Report on Pavlof (United States) — 29 December-4 January 2022
Smithsonian / US Geological Survey Weekly Volcanic Activity Report,
29 December-4 January 2022
Managing Editor: Sally Kuhn Sennert
Please cite this report as:
Global Volcanism Program, 2021. Report on Pavlof (United States). In: Sennert, S K (ed.), Weekly Volcanic Activity Report, 29 December-4 January 2022. Smithsonian Institution and US Geological Survey.
55.417°N, 161.894°W; summit elev. 2493 m
All times are local (unless otherwise noted)
AVO reported that seismicity at Pavlof was elevated during 29 December 2021 to 4 January 2022 and was characterized by daily periods of tremor. Minor ash emissions were visible during 28-29 December and small explosions were occasionally recorded during 29-30 December. Thermal emissions continued to be low, and elevated surface temperatures consistent with a hot vent region were identified in satellite images during 1-3 January. During 3-4 January lava was active in an area within 100 m of the SE vent. The Volcano Alert Level remained at Watch and the Aviation Color Code remained at Orange.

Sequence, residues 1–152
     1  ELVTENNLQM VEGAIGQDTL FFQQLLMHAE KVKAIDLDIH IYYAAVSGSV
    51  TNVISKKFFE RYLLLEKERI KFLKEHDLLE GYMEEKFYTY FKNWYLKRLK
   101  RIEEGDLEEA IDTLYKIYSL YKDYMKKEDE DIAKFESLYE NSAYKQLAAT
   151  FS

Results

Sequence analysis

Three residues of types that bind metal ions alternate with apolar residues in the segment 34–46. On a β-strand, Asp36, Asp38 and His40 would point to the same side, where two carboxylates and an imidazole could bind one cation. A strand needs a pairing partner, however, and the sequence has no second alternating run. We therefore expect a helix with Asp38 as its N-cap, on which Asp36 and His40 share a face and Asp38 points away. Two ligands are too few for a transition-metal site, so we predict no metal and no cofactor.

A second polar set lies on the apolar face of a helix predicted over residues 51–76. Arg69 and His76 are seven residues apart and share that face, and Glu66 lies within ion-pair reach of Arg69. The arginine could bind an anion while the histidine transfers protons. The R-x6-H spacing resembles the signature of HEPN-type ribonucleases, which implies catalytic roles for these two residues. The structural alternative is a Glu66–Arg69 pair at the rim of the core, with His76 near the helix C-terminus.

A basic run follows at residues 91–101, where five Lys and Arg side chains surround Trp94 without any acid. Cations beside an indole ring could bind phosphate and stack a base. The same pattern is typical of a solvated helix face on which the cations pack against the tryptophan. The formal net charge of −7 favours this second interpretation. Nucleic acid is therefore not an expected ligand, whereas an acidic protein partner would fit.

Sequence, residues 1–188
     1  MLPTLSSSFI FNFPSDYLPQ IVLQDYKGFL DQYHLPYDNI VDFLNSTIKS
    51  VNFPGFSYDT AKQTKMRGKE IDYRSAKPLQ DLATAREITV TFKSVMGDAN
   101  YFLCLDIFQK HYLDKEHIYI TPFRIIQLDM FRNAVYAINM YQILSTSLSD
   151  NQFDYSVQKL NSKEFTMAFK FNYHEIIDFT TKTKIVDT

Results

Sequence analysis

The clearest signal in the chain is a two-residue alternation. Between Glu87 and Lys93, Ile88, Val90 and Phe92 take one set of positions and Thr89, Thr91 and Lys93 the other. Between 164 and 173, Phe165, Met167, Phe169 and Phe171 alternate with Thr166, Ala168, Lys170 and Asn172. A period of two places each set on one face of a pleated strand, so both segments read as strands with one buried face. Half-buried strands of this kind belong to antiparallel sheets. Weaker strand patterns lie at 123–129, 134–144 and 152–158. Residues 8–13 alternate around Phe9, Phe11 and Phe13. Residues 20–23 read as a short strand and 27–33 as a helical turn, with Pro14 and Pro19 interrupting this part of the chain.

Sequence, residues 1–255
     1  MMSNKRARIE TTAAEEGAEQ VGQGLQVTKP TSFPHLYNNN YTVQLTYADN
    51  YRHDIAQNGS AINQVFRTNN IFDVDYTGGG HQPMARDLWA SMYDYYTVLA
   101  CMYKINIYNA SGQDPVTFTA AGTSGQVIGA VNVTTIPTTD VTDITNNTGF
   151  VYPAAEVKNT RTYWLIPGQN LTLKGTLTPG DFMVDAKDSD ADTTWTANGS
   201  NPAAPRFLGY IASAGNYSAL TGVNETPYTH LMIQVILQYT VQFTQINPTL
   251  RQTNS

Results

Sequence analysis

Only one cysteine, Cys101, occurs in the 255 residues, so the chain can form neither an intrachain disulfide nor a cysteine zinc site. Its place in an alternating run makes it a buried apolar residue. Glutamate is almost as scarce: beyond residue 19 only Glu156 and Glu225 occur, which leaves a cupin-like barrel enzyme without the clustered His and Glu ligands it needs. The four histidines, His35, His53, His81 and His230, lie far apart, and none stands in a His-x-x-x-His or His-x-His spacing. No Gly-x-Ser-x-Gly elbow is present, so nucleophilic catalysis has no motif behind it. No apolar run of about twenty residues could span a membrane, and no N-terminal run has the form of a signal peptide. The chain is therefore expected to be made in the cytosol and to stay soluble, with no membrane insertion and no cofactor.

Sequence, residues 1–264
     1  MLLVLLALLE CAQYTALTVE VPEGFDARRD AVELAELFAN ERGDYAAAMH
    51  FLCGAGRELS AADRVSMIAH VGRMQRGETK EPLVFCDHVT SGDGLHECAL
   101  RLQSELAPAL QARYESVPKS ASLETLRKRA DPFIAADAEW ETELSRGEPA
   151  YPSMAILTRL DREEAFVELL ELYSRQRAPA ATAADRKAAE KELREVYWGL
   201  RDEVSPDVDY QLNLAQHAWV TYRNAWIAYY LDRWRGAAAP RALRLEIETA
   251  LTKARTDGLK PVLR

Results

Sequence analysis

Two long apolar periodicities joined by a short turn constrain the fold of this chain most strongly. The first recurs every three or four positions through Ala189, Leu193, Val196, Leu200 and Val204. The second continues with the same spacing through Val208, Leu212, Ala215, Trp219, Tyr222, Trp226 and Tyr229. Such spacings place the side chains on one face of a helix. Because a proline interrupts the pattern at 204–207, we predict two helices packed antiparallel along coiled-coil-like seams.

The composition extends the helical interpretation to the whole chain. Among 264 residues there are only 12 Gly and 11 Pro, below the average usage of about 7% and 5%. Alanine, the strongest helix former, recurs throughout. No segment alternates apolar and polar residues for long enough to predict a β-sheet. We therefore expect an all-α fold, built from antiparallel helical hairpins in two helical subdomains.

Geological Summary. The most active volcano of the Aleutian arc, Pavlof is a 2519-m-high Holocene stratovolcano that was constructed along a line of vents extending NE from the Emmons Lake caldera. Pavlof and its twin volcano to the NE, 2142-m-high Pavlof Sister, form a dramatic pair of symmetrical, glacier-covered stratovolcanoes that tower above Pavlof and Volcano bays. A third cone, Little Pavlof, is a smaller volcano on the SW flank of Pavlof volcano, near the rim of Emmons Lake caldera. Unlike Pavlof Sister, Pavlof has been frequently active in historical time, typically producing Strombolian to Vulcanian explosive eruptions from the summit vents and occasional lava flows. The active vents lie near the summit on the north and east sides. The largest historical eruption took place in 1911, at the end of a 5-year-long eruptive episode, when a fissure opened on the N flank, ejecting large blocks and issuing lava flows.